As a former football player, writing and researching Chronic Traumatic Encephalopathy,  a progressive degenerative disease of the brain caused by repetitive brain trauma, was one of the most eye-opening and jaw-dropping experiences I have had as a writer. Through all of my years of playing football, I never realized what I was doing to my brain and to my body.

Thankfully, I never was diagnosed with a concussion during my time as a football player, but I’ve witnessed some opposing players, and my former teammates suffer from concussions and other head injuries.

But despite what I know now about the dangerous risk of playing football, if I had to do it all over again I would in a heartbeat. The reason being is because what this sport has taught me is something I think I would learn too late in my life.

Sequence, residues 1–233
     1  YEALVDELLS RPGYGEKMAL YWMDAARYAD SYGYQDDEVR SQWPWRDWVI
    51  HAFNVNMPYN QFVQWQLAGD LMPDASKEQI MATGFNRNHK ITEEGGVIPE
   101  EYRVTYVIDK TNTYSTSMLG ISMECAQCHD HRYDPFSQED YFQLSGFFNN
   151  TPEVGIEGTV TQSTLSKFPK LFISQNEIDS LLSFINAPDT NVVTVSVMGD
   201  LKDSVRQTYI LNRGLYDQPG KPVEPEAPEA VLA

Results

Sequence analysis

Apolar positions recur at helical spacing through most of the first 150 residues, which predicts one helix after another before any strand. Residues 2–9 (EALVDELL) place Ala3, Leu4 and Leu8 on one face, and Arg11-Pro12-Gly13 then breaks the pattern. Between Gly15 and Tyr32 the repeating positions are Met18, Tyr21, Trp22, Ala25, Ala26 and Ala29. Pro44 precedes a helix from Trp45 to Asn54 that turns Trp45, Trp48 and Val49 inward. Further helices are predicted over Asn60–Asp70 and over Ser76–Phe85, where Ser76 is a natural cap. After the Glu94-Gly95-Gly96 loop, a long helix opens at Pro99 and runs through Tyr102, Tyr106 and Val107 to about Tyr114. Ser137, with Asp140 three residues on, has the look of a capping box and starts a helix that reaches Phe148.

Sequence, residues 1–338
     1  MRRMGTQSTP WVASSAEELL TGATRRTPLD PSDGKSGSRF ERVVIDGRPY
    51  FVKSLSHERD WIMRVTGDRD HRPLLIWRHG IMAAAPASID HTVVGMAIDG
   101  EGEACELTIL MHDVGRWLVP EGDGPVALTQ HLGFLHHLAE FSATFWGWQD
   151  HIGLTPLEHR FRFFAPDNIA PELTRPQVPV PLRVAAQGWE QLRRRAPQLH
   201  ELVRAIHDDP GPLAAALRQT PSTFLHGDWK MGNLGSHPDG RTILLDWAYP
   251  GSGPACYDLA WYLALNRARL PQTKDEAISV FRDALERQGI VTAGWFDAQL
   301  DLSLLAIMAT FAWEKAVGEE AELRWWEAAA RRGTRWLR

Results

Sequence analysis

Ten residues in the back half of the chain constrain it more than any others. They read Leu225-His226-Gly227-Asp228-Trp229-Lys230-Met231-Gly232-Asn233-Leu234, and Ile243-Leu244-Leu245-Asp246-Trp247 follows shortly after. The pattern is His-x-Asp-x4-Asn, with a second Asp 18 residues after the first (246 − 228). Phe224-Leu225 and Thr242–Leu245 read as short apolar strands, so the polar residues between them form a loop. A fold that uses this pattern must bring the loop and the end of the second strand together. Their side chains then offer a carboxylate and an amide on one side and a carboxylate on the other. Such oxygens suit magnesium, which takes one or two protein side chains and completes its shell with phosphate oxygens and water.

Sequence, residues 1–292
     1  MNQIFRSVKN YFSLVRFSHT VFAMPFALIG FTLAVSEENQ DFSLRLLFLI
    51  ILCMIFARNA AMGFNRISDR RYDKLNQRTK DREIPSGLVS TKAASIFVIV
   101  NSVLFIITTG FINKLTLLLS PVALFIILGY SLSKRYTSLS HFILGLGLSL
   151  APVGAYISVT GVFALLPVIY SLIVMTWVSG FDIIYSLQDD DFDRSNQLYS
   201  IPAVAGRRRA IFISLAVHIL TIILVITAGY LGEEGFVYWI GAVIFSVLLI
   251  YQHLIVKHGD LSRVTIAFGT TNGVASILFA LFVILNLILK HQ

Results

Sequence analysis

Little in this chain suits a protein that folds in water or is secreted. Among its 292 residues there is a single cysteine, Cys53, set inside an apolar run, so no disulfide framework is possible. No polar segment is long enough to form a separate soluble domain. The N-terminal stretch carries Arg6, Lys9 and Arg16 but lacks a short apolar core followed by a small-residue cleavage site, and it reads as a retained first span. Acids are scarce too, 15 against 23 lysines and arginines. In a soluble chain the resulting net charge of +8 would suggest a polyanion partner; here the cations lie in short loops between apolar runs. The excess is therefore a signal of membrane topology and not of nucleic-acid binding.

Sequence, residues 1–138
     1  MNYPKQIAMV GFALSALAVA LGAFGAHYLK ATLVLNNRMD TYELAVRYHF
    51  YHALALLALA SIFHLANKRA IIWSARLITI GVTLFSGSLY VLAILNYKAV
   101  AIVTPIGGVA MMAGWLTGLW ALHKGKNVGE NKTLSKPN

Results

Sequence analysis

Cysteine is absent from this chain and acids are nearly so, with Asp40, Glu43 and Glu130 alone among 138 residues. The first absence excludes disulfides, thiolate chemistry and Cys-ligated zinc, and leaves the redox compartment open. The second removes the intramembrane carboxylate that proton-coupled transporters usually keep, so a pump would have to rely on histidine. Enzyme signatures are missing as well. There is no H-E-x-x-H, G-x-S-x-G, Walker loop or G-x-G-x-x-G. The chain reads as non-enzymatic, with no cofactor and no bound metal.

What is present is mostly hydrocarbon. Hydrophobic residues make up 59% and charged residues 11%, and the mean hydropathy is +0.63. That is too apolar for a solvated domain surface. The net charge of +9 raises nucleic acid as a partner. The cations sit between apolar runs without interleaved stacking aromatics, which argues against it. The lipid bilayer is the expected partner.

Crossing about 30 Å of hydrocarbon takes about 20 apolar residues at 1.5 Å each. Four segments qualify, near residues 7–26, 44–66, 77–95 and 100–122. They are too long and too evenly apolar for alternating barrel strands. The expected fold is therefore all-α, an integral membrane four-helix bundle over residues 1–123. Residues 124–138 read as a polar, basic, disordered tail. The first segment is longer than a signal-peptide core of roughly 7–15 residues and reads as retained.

Football taught me how to be a leader, it taught me about brotherhood, it taught me discipline, and so much more. Honestly, if I never played football I wouldn’t be the young man that I am today. The sport molded me. It made me who I am.

I understand with that playing football can cause permanent brain damage, but those lessons that I’ve learned and the friendships that I’ve built through the sport is something I would always want to relive. It hurts my heart to know that a game I love so much can eat at a person’s brain, bit by bit.

Playing football will never be safe, that’s just the reality of it. I will say that now, with the new information that I know about playing football or any high collision sports, I won’t be encouraging my future children to play. That’s hard for me knowing that my older brothers played, and I played, so of course you would want your children to play. But their future health is more important than our personal wants.

The love that I’ve grown for football still remains the same, but I am no longer naive to the truth. Playing football can and probably will leave many athletes with lasting brain injuries, which can leave families in ruins. I will continue to watch football and appreciate the true beauty of the sport, but knowing what we know now about the end results of playing football shouldn’t be taken lightly.